Marvin Papin
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No exclusivity = no competitors, and so players would inexorably go to their friends choices and so 1 platform then prices go up and efforts toward devs from console makers go down.

We cannot really say it's useless
(in absolute, i agree Christian Nutt, that's all about context)

Neo Mahi
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Hm... I don't know if Sony Computer Entertainment is going to agree with this. Otherwise, why wouldn't Sony expand their profitability or games from Guerrilla Games, Naughty Dog, or Sucker Punch? Why not send Uncharted, The Last of Us, or InFamous toward Microsoft (as Microsoft cringes every time Naughty Dog announces a game). Let's face it, everyone wants Naughty Dog. Sony profits and sells consoles because you can ONLY play Naughty Dog games on PlayStation hardware. After E3, Google's most searched topic was "The Last of Us XBOX 360". What is that telling you? So, if Sony is more profitable by not having exclusives, why not market the game to Xbox fans for Microsoft's console? You can't, or you don't sell hardware.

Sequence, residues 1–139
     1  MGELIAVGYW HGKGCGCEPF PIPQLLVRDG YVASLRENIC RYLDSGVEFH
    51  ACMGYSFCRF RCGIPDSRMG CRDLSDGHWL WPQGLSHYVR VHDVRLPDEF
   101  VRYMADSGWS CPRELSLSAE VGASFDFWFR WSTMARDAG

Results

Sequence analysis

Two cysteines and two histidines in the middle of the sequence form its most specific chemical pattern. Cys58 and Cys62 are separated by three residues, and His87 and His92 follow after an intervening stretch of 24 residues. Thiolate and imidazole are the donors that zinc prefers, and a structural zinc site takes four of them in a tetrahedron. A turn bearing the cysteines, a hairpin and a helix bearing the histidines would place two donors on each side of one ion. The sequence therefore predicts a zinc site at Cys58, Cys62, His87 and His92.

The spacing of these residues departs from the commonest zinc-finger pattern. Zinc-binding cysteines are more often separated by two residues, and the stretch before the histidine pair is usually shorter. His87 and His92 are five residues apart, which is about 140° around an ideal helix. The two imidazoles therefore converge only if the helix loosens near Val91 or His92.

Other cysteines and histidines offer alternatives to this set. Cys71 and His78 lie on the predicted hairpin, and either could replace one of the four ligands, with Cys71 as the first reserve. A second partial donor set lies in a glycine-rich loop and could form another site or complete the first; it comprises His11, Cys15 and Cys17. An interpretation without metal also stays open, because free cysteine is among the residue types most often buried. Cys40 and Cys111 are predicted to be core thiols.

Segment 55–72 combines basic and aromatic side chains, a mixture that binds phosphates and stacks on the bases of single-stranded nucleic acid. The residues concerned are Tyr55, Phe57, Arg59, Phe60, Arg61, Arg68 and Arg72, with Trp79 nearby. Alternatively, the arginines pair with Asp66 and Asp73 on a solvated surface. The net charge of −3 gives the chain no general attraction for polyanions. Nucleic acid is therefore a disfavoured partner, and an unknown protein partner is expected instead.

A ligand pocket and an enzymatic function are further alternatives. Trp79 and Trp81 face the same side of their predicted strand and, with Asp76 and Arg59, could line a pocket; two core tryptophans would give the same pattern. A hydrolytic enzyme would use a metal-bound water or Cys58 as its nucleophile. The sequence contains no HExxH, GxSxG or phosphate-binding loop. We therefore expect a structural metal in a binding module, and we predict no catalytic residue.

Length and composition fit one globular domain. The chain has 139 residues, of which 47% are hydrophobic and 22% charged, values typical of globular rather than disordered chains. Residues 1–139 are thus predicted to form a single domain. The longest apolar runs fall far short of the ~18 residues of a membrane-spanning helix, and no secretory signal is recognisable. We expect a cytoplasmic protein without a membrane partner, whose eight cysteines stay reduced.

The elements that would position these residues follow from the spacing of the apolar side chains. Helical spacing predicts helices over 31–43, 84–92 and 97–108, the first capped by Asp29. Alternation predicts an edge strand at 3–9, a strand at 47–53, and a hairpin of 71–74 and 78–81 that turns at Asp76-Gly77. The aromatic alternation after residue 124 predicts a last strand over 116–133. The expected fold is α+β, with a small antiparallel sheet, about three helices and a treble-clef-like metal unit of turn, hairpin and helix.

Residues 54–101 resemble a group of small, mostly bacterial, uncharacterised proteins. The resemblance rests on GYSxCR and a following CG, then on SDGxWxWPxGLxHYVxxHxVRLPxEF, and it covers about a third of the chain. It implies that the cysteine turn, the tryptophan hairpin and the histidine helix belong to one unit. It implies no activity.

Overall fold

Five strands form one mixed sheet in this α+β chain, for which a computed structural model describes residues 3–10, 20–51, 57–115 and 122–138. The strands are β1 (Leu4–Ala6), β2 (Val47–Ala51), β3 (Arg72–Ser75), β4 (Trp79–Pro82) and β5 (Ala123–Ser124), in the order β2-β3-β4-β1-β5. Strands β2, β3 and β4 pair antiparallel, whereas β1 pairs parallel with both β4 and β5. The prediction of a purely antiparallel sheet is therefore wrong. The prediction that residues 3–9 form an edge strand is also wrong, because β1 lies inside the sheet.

Even as far as third-party software goes, I don't buy into that either. Sony knows that Microsoft sells more copies of "Call of Duty" on Xbox 360 because Microsoft is in the financial situation to be able to shell out money for EXCLUSIVE CONTENT, while Sony Corp. is struggling financially and can't put that sort of money into that. Third-Party developers also LOVE MONEY! More so than they love to make games (contrary to what they actually say--I mean really-- money makes the world go around. Developers can be bought off with the right amount of money, Sony just doesn't have that so they can't afford it. Its politics within the gaming industry. When you can't match up to another, in this case the competition, you've got to have a smooth and sly way to excuse what you can't do to make it seem negligable. What Adam Boyes should be doing--rather than letting his screen time and current boost in attention from the media get to him-- is talk about how proud Sony Computer Entertainment is to have these developers on board, and do whatever they can to help them find success and make a home at PlayStation because PlayStation is the place to play and that's why they have Naughty Dog, Sucker Punch, and likely eventually Quantic Dream. Why else is Sony purchasing developers rather than relying on the PlayStation Brand's pedigree to carry them along. NO! There is still uneasiness that PlayStation isn't that strong--even after as many years, so acquisition is a necessary.